Bird in Space

7:00 AM

Constantin Brâncuși, Bird in Space, 1923
I already dug art when I joined art history my junior year. I had seen contemporary shows at First Fridays, Town Center, the Country Club Plaza, etc. I was fully aware that despite my love for art, I knew absolutely nothing about the masters of the past, save for their names. As I expected, these once unfamiliar masters became beloved friends. Their works brought my life beauty, intrigue, even encouragement in difficult times. By the end of my junior year I believed that I had come to understand art better. I was wrong.

You see, I had created a very narrow definition of art for myself. That is to say I only sought out paintings and drawings. I thought that sculpture was neat, sure, but I never thought that it could move me like paintings did. After all, nearly all sculpture consists of handsome youths traipsing around in the nude, modeling themselves as Greco-Roman deities. That's what I thought at least, until I saw Bird in Space.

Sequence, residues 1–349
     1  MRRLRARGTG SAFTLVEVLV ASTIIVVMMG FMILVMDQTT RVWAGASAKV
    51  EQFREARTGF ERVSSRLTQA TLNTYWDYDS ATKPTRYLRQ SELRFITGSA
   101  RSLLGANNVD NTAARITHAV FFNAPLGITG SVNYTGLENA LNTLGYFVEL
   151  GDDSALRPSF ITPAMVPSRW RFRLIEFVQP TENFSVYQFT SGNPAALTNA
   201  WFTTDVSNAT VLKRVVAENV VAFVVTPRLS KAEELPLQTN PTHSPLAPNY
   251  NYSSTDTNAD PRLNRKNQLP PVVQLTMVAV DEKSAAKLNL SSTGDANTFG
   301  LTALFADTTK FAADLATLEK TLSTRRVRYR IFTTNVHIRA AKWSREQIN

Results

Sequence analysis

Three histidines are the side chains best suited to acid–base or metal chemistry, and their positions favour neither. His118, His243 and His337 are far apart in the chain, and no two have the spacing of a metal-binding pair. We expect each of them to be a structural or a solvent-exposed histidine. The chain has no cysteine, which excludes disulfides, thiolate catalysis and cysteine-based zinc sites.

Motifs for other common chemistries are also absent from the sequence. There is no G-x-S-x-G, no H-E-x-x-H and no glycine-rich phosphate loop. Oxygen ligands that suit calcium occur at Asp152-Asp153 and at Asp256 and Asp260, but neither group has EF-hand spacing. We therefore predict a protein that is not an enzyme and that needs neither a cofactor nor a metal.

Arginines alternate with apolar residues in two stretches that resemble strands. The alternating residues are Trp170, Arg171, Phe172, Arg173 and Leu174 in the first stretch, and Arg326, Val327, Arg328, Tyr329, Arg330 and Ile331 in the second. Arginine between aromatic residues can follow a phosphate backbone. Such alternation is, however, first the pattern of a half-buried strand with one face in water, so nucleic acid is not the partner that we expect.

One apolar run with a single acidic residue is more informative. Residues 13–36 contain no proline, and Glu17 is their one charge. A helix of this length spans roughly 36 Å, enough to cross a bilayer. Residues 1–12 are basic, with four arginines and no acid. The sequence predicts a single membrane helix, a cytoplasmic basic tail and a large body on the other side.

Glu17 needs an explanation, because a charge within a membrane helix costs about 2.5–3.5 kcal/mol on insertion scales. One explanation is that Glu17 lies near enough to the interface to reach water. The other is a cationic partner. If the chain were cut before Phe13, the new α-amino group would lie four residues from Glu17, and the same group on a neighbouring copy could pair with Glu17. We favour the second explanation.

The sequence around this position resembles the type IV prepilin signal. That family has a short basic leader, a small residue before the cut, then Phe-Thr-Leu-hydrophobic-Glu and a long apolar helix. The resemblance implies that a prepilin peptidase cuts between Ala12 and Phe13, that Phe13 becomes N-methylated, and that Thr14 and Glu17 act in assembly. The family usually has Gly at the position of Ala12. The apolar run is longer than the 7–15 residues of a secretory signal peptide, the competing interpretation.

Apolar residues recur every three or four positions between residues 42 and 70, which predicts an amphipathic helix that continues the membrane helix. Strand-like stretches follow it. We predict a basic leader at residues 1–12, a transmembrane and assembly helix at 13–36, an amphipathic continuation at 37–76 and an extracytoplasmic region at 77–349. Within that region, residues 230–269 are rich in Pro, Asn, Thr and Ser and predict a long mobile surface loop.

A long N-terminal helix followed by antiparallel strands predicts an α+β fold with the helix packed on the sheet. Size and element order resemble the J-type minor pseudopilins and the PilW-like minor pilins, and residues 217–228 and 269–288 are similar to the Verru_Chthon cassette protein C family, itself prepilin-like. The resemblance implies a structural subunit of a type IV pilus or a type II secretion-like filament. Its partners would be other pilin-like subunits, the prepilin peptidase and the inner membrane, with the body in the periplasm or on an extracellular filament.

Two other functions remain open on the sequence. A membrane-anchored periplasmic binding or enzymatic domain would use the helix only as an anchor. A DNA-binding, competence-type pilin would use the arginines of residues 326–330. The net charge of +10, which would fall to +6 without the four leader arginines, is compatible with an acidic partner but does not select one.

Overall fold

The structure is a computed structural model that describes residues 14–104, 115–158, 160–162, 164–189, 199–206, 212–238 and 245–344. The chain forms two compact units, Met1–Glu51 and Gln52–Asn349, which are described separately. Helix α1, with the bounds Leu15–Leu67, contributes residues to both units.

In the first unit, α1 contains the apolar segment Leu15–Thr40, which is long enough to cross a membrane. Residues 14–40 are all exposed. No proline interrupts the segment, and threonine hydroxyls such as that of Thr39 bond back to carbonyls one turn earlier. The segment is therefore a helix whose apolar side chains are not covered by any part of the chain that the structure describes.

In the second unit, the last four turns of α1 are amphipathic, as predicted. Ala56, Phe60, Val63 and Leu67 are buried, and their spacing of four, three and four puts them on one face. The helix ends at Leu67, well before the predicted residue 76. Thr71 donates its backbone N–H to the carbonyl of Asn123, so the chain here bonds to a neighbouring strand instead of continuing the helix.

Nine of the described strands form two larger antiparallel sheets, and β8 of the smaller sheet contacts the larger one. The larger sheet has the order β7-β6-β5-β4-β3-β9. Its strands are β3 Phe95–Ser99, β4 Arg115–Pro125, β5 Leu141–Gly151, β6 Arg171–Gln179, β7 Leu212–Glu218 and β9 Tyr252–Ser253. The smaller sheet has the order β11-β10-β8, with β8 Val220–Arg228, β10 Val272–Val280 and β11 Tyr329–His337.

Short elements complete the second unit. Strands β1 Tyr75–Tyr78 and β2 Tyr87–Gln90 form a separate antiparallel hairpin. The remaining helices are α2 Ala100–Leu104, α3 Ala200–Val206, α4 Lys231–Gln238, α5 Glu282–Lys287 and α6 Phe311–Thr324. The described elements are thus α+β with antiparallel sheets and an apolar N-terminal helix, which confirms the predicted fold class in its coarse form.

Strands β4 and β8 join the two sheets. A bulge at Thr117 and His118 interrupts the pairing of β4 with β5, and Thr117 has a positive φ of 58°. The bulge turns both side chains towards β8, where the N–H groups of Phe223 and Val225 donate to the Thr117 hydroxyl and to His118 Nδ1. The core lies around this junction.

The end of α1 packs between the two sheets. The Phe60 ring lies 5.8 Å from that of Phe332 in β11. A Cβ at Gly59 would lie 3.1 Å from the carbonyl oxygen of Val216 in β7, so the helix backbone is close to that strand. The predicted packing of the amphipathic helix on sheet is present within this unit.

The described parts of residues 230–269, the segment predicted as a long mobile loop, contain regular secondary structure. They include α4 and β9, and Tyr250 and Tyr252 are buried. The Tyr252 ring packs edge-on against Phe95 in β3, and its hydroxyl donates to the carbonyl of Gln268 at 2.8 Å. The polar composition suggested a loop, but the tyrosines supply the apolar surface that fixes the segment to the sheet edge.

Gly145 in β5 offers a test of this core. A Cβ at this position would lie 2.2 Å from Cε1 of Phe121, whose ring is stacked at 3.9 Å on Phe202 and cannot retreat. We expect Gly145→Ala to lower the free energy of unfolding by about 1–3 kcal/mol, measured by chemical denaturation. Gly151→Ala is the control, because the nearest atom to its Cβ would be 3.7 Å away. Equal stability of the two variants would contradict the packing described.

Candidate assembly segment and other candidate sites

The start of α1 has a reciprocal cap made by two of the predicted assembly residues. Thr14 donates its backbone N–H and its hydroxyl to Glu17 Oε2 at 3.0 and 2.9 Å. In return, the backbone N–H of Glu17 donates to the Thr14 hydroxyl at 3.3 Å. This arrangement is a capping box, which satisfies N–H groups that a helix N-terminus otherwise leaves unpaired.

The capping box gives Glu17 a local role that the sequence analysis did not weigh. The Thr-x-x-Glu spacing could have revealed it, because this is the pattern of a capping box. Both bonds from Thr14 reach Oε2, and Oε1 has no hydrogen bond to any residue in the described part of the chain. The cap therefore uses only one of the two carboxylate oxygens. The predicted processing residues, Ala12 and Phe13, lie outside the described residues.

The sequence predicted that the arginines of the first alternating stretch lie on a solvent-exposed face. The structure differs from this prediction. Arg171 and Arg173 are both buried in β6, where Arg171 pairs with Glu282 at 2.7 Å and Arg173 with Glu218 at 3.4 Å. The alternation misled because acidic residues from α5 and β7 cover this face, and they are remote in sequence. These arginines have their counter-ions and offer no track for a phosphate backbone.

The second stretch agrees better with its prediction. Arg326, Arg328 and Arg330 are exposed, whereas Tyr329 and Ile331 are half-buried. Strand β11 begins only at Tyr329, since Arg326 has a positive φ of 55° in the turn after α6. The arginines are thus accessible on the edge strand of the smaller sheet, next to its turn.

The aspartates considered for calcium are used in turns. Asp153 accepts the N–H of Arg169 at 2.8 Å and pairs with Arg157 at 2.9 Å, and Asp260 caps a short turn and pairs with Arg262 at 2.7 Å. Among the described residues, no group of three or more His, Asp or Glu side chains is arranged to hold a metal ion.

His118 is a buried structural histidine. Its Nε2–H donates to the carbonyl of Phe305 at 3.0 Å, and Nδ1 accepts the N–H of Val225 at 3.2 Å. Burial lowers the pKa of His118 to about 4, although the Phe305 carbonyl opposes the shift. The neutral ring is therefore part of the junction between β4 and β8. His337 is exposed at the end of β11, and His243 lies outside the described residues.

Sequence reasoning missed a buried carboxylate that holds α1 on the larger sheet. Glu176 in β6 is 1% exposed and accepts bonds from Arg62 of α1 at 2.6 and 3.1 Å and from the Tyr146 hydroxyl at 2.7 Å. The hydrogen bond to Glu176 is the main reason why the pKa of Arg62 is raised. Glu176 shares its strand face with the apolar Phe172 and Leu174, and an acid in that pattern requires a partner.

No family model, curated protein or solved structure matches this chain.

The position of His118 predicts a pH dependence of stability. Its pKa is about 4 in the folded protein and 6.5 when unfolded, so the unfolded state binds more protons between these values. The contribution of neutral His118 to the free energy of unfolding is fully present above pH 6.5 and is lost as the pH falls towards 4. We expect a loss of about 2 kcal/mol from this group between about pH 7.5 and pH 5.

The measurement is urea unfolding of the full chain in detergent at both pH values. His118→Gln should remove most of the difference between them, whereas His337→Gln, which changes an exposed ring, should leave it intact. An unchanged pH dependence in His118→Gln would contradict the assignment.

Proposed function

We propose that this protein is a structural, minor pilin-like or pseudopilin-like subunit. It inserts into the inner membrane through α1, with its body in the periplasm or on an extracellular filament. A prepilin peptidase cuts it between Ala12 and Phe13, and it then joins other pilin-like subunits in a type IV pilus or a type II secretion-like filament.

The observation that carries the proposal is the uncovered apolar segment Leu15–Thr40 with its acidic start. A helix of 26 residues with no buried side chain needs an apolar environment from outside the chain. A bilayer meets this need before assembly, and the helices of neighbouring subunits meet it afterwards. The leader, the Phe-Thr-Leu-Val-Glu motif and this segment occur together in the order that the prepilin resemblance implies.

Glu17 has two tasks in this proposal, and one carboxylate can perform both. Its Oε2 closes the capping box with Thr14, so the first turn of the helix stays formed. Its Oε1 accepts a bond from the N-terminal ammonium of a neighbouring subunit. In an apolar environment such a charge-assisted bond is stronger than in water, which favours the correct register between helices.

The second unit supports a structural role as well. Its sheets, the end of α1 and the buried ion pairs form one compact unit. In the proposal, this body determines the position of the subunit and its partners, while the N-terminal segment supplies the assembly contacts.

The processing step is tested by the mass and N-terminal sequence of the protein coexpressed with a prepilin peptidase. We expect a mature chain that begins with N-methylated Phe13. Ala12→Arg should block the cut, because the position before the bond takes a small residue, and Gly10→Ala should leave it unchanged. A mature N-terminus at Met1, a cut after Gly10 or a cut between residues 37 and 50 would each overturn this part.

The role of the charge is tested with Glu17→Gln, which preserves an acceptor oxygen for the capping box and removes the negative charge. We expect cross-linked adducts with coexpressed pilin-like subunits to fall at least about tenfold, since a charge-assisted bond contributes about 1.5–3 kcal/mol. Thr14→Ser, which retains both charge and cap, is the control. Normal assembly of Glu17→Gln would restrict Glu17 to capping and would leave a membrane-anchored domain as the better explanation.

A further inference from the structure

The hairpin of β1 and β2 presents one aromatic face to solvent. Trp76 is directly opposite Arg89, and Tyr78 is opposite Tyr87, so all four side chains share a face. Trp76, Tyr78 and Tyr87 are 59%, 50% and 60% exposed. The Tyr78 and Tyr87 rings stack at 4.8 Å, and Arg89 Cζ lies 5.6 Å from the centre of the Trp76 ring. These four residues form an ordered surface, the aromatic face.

When I first lay eyes on Bird in Space my breath caught in my throat. I felt a rush of joy and excitement rush over me as I gazed upon its bronze curvature. Nothing I had learned could account for this feeling. It was just a shape. Just a perfectly sculpted, beautiful, electrifying shape on a base of wood. Nothing more. And yet, I could not ignore the emotions it instilled in me. In that moment, it became my favorite work, for nothing before or since has evoked the same reaction in me. Bird in Space taught me more than the worth of sculpture. It taught me the meaning of art.


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